Geneva, Switzerland, Joint United Nations Programme on HIV / AIDS [UNAIDS], Office on AIDS, Security and Humanitarian Response, 2004 Feb. 43 p. (UNAIDS Series: Engaging Uniformed Services in the Fight against AIDS. Case Study 2.)Ukraine has one of the highest HIV prevalence rates in Eastern Europe. It was first in the region to face an aggressive epidemic among injecting drug users in 1995, and the epidemic now appears to have entered a more generalized phase. The Government of Ukraine responded to HIV at an early stage. Several Presidential Decrees urged the Government to initiate and enhance activities against the epidemics, and mobilize various ministries including the Ministry of Defence. In June 1999 the heads of the Educational Branch in the Preventive Medicine Department of the Ministry of Defence (MoD) met with UNAIDS officials and discussed HIV/AIDS issues in the Ukrainian army. The meeting resulted in an agreement to launch a project on prevention of HIV/AIDS and sexually transmitted infections (STIs) in Ukraine's armed forces. Funds and technical support were provided by UNAIDS, and the Main Educational Department started implementation of the project with the assistance of the United Nations Population Fund (UNFPA). The project focused on the development of training and educational materials, integration of education about HIV/STI prevention in the curricula of the Humanitarian Institute of the National Academy of Defence and the Kharkiv Tank Forces Institute, and on cascade training (cascading information down to all levels of rank and file) of the officers and soldiers in five field garrisons. Around 20,000 servicemen were trained in the first phase. The second phase of the project will run to early 2004 and the army headquarters are applying for resources from the Global Fund to Fight AIDS, Tuberculosis and AIDS in order to strengthen these activities. During the second phase of the project 350,000 servicemen are to be targeted with comprehensive information and education relating to HIV/AIDS and STIs. (excerpt)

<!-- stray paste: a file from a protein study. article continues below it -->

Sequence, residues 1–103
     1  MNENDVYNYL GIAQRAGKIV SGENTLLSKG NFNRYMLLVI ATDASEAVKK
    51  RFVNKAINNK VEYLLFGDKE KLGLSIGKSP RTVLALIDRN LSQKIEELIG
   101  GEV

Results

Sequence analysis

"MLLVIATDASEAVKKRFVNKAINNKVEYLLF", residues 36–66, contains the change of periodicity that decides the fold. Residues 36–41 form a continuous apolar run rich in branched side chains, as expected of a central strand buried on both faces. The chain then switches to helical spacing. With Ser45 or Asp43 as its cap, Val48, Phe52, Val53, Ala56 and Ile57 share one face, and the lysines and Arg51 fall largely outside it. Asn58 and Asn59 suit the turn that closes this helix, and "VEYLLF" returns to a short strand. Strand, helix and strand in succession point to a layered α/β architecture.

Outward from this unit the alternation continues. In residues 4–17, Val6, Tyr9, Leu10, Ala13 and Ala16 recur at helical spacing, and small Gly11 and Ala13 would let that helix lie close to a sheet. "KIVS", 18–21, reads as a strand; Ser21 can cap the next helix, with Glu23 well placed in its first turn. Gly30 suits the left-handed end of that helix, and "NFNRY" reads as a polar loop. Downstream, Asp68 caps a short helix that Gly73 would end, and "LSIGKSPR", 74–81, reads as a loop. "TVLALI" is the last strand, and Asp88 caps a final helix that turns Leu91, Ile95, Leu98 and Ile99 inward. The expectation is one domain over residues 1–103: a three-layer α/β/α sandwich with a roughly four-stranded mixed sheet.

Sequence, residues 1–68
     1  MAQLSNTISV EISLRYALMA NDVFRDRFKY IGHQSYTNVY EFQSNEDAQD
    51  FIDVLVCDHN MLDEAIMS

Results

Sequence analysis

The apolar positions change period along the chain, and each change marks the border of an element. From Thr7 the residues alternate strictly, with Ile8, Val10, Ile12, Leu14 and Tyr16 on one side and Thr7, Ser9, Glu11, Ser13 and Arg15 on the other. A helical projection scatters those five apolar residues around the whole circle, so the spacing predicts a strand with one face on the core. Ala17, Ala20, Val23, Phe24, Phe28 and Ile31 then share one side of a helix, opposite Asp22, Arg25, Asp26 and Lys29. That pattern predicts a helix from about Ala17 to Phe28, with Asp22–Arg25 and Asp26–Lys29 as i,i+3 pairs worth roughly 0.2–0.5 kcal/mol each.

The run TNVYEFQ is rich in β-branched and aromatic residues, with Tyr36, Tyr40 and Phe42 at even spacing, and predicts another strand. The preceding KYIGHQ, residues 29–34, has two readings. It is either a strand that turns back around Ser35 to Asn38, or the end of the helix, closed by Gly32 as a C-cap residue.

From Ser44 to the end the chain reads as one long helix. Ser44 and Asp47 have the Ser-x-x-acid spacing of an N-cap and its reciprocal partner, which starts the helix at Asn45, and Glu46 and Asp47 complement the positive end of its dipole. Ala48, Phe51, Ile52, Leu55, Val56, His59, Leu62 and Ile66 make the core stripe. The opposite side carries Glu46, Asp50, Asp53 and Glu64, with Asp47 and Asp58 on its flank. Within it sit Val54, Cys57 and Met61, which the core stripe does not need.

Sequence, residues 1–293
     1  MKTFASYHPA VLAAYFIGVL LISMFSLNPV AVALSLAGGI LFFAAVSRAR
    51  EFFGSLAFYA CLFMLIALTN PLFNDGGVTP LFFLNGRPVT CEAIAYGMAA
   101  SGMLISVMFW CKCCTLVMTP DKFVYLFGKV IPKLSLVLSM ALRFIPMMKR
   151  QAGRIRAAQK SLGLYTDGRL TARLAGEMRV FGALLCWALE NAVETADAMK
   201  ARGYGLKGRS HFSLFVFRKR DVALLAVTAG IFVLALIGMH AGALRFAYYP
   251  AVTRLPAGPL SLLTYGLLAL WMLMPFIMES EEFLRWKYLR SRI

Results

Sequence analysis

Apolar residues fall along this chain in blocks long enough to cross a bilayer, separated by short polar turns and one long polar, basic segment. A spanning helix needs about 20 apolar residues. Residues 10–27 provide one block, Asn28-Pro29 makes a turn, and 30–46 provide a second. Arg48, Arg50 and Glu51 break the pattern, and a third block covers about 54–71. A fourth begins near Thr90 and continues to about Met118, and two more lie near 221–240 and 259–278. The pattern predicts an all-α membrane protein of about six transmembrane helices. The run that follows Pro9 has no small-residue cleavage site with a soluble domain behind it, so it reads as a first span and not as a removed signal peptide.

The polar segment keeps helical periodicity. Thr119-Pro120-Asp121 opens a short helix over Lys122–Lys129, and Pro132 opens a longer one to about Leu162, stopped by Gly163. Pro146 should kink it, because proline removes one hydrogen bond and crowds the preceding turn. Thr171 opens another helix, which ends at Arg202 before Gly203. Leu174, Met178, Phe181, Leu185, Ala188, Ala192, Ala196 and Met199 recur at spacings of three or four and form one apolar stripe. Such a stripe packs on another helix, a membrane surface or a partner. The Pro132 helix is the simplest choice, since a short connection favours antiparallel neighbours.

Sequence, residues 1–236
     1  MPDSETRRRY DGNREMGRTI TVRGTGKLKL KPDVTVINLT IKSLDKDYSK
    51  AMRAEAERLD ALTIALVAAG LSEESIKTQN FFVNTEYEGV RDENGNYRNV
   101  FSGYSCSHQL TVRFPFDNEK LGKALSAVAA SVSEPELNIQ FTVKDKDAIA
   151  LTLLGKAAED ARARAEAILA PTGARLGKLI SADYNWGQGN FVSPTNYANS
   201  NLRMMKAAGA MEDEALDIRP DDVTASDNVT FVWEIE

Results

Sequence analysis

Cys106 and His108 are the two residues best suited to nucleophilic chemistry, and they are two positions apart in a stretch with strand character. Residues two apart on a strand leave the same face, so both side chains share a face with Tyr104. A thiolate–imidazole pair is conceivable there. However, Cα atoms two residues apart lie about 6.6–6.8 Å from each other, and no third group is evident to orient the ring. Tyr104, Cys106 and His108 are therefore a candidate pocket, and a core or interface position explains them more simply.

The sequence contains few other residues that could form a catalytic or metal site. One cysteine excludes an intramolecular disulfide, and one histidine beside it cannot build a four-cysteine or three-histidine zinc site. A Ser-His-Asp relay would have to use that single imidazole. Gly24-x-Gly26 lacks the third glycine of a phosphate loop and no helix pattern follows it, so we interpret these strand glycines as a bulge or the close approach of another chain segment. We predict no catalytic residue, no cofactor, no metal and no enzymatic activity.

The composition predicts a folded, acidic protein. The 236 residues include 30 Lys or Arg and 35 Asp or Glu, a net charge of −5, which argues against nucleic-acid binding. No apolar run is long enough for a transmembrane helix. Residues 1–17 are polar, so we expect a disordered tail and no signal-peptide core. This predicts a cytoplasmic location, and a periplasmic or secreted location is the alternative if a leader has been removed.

Comparative performances, under laboratory conditions, of seven pyrethroid insecticides used for impregnation of mosquito nets. [Performances comparées, dans des conditions de laboratoire, de sept insecticides à base de pyréthroïde utilisés pour l'imprégnation des moustiquaires]